There is much information on Gottfried Lindauer, and an interesting place to begin is Te Ara– where he is described as a Czech, named Bohumir, born 5 January 1839 at Pilsen, Bohemia.

After being called up for service, 1873, he set sail for New Zealand, arriving in Wellington aboard the Reichstag, 6 August 1874, before moving on to Nelson where, says the DNZ biography, he painted his first Māori portraits.

But there is a handful of Lindauer’s portraits of women from Waiwhetu, not included in the substantial New Zealand catalogues (both printed and online). And I am wondering whether these portraits were painted before Lindauer moved on to Nelson. One such portrait, well-known to the Porutu and Puketapu whānau, is of Ruhia Porutu, of local fame.

Around 1840 T. W. McKenzie, a teenager, was on the point of breaking tapu by entering Ruhia’s father-in-law’s partially constructed house at Pipitea. Ruhia threw her kaitaka over the boy, thus saving his life.

An image of the cloak, (which was itself included in the recent exhibition of beautiful kakahu – Kahu ora – at Te Papa), is preserved in a portrait by Lindauer and mentioned in several publications, including “The book of New Zealand women”, as well as our Wellington City Libraries’ book series: Ngā Tūpuna o te Whanganui-a-Tara.

Many years ago, at whānau gatherings down Coast Road, Wainuiomata, on Sunday evening get-togethers and sing-alongs, I would gaze up at three portraits on the wall above the mantlepiece. All were unsigned works.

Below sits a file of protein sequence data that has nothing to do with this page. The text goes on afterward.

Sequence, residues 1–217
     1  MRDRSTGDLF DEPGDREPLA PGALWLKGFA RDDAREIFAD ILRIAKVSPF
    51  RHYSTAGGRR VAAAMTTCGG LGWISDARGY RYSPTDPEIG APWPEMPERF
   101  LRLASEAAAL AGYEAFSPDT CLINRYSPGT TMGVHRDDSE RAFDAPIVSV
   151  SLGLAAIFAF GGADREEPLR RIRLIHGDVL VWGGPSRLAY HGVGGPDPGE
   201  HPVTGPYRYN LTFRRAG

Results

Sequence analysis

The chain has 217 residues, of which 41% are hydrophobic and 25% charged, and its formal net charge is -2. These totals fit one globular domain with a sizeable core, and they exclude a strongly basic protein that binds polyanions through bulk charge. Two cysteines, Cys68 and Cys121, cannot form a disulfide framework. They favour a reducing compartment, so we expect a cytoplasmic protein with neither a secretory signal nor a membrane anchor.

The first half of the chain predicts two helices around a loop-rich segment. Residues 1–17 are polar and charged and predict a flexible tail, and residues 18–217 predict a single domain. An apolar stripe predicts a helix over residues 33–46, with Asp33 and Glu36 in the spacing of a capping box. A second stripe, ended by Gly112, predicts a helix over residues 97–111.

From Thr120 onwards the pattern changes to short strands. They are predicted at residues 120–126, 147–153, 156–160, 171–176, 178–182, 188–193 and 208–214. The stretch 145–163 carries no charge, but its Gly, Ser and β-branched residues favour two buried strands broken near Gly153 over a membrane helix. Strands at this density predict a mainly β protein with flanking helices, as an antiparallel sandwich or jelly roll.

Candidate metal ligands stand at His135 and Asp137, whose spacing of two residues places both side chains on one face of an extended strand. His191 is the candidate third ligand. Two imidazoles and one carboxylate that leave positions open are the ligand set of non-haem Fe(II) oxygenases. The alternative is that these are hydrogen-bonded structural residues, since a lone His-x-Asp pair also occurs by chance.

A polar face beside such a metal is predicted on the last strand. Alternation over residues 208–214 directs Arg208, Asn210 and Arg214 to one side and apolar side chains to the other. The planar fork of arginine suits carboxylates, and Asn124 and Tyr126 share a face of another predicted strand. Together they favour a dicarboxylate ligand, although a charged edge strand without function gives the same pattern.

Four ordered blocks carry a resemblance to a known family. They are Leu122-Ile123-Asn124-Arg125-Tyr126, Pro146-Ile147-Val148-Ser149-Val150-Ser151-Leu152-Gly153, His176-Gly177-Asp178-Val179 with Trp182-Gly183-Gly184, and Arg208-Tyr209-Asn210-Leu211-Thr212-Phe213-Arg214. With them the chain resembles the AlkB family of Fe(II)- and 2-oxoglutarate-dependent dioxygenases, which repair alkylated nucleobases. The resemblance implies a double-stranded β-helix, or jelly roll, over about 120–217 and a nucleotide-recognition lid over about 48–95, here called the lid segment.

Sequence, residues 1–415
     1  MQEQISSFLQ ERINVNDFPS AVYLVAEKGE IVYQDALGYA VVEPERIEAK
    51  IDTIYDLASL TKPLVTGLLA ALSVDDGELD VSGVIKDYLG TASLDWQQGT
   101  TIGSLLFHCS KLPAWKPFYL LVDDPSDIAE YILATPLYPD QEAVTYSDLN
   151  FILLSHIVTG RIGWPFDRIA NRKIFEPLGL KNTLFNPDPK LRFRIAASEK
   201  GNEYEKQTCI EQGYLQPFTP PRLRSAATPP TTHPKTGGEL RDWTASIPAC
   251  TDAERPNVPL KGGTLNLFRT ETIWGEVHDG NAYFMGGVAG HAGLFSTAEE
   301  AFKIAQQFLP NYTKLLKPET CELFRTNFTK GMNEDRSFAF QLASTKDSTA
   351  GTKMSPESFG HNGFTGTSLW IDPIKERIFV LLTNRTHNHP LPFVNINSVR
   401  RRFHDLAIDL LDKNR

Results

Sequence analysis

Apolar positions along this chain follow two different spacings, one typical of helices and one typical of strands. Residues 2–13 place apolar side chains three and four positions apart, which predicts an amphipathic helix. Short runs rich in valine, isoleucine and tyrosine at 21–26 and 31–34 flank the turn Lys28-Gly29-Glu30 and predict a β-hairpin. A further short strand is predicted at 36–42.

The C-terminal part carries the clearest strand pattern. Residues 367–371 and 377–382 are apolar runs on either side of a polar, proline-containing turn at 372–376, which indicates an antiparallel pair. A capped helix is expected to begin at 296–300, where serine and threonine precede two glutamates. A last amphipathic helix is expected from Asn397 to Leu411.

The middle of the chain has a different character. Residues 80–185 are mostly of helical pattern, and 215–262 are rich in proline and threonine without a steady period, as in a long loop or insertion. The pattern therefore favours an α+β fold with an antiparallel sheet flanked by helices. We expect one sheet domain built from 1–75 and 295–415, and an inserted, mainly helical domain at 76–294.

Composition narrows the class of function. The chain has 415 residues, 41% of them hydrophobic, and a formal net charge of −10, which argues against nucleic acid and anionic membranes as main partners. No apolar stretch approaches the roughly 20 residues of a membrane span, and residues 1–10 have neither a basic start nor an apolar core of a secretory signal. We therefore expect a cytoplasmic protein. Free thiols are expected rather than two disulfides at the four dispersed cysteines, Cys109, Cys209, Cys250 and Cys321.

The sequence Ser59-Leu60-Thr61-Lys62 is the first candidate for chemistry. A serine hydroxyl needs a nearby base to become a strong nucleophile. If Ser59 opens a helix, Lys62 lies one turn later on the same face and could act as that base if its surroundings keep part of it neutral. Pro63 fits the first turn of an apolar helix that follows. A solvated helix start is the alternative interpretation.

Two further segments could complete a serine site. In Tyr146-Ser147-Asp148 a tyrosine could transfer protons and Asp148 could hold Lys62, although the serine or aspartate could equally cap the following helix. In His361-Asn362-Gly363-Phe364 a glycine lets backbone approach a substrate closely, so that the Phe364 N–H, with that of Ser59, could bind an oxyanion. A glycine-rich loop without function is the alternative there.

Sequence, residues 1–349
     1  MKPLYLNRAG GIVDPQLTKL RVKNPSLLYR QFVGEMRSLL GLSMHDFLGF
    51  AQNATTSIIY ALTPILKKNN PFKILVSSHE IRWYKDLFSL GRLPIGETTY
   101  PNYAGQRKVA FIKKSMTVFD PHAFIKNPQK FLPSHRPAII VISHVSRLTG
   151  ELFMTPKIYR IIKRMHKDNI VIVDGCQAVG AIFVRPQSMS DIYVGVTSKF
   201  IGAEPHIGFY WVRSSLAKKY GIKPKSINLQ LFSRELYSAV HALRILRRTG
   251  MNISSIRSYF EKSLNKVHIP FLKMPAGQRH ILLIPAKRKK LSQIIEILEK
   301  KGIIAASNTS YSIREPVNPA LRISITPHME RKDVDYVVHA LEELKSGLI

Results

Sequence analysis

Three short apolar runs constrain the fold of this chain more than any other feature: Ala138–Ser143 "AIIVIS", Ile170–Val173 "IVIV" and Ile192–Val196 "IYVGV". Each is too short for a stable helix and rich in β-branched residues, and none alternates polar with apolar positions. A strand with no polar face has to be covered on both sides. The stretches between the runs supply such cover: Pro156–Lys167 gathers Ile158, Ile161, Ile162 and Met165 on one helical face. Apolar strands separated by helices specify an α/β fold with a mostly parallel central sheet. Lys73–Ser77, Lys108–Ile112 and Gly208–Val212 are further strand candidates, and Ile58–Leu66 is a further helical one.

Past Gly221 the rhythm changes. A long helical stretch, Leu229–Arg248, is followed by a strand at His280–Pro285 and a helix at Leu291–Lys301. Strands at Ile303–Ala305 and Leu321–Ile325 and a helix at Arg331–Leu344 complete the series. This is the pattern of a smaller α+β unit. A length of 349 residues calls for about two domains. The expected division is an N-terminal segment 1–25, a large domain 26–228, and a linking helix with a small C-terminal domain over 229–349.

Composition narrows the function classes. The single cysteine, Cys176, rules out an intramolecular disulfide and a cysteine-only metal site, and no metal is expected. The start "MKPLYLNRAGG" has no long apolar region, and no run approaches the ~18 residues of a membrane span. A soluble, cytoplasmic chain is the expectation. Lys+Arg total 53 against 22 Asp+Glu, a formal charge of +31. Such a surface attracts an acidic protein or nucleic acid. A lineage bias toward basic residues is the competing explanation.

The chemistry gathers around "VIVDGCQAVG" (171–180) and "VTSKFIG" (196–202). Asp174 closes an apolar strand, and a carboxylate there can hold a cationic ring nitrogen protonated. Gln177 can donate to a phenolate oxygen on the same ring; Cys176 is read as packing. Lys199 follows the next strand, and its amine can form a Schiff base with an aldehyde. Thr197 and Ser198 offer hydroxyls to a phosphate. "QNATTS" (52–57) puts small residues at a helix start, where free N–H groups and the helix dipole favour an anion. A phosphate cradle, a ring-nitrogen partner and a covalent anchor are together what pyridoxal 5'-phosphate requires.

Two of the women were portrayed in very clear lines – Keti Kautarewa, and her daughter, Raita Te One. When I asked who had painted these portraits, my mother merely said “Some foreign chap came off a boat, at Wellington Harbour. The people of Waiwhetu were good to him, so he painted their portraits”.

These two portraits, now attributed to Lindauer were hung in Te Papa, during the Te Ati Awa exhibition, February 1998-August 1999 along with his portrait of Ruhia Porutu, and another of Wi Tako Ngatata.

Te Ātiawa iwi exhibition at Te Papa, used with permission
Te Ātiawa iwi exhibition at Te Papa, used with permission

As stated in his biography, Lindauer produced many paintings of scenes and people. I wonder how many other uncatalogued but valued portraits of whānau exist throughout the motu.

Lindauer, settled in Woodville, with his wife, in December 1889, on their return from Britain, and he died there in June,1926.